Objective: This study was conducted to assess the reliability and precision of an endoscopic grading scale to identify renal papillary abnormalities across a spectrum of equipment, locations, graders, and patients. Materials and Methods: Intra- and interobserver reliability of the papillary grading system was assessed using weighted kappa scoring among 4 graders reviewing a single renal papilla from 50 separate patients on 2 occasions. Grading was then applied to a cohort of patients undergoing endoscopic stone removal procedures at two centers. Patient factors were compared with papillary scores on the level of the papilla, kidney, and patient. Results: Graders achieved substantial (kappa >0.6) intra- and inter-rater reliability in scored domains of ductal plugging, surface pitting, and loss of contour. Agreement for Randall's Plaque (RP) was moderate. Papillary scoring was then performed for 76 patients (89 kidneys, 533 papillae). A significant association was discovered between pitting and RP that held both within and across institutions. A general linear model was then created to further assess this association and it was found that RP score was a highly significant independent correlate of pitting score (F = 7.1; p < 0.001). Mean pitting scores increased smoothly and progressively with increasing RP scores. Sums of the scored domains were then calculated as a reflection of gross papillary abnormality. When analyzed in this way, a history of stone recurrence and shockwave lithotripsy were strongly predictive of higher sums. Conclusions: Renal papillary pathology can be reliably assessed between different providers using a newly described endoscopic grading scale. Application of this scale to stone-forming patients suggests that the degree of RP appreciated in the papilla is strongly associated with the presence of pitting. It also suggests that patients with a history of recurrent stones and lithotripsy have greater burdens of gross papillary disease.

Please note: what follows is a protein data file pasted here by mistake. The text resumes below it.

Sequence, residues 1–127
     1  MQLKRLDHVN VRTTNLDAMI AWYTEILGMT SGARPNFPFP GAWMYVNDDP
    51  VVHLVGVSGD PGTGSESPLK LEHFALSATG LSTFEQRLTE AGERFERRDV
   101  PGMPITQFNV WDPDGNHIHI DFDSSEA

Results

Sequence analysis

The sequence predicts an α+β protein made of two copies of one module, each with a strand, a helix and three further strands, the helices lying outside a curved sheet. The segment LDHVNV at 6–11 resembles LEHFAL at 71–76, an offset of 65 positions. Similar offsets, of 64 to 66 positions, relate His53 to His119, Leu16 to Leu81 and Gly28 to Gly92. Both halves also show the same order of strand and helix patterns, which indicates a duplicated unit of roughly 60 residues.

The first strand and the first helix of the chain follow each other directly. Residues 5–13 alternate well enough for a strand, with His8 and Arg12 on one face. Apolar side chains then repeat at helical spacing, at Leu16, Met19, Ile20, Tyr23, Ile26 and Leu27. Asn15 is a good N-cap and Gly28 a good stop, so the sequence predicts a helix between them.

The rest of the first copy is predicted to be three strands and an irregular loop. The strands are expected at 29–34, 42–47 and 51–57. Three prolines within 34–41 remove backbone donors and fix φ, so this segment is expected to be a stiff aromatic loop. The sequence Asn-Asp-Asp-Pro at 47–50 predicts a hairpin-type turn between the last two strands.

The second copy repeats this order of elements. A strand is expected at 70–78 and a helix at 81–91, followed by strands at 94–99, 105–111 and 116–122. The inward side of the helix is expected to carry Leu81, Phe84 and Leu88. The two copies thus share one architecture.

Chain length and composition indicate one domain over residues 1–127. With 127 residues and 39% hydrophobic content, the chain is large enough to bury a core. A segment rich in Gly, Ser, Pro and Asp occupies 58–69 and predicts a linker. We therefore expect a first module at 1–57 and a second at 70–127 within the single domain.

- Randall's plaque
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